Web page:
Managed as stepping-stones, Middle Eastern brands have the opportunity to elevate themselves and the region from where they have come, to even greater international prominence and visibility in a positive way.

Some already have. Emirates has become the world’s third largest international carrier in just over 20 years. Emaar’s Hotel Group has a presence in 36 markets. The region has shown steady growth. The economy could be described as strong; open any index and the region ranks in the top ten per capita GDP in the world—and it’s set for more.

All this means the Middle East is changing, and the way business is done is changing, and therefore there is a need to change the approach towards branding. Moving away from tactical (product and image: first and second ages of brand) to a more strategically (experience: third age of brand) focused approach will be fundamental for any business to prosper.

So while anyone with serious commercial aspirations would be well advised to expect more of the same in the Middle East, more of the unexpected. It also means building a brand that, while not impervious to VUCA, is at least prepared for it and therefore prepared with the best chance for success. That means four things:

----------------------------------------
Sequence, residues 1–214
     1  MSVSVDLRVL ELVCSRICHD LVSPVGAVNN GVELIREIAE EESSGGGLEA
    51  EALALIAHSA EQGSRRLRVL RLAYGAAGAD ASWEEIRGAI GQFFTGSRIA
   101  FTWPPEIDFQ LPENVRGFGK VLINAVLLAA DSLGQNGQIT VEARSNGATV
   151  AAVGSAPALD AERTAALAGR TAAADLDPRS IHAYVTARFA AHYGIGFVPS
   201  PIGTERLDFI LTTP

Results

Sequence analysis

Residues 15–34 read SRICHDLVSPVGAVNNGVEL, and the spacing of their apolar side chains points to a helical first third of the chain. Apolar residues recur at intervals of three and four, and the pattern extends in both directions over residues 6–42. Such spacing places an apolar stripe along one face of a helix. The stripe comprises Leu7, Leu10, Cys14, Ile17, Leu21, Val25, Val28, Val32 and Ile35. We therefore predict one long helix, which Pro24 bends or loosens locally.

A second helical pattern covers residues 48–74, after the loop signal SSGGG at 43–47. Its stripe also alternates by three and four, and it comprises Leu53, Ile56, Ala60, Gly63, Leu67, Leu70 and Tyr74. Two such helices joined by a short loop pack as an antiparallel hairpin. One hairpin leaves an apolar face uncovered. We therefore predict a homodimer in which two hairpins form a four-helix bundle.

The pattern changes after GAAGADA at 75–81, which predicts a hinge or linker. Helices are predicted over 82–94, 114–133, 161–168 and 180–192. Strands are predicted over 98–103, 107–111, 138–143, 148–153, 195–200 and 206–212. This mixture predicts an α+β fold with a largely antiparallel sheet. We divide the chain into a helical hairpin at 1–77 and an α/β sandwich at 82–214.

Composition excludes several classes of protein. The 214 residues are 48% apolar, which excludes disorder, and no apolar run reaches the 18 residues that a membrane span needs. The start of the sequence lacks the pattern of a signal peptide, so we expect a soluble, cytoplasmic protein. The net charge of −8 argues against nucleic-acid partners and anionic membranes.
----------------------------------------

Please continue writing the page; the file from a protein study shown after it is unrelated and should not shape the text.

1. Confront Volatility. By providing leadership and the entire workforce with a clear narrative. A simple Purpose streamlines communications clarifies intent both internally and externally and helps define your path, your products and your place in the market. The key is to not lose sight of that purpose, and means steering a steady cause when things get bumpy so they are weighted much more in your favour.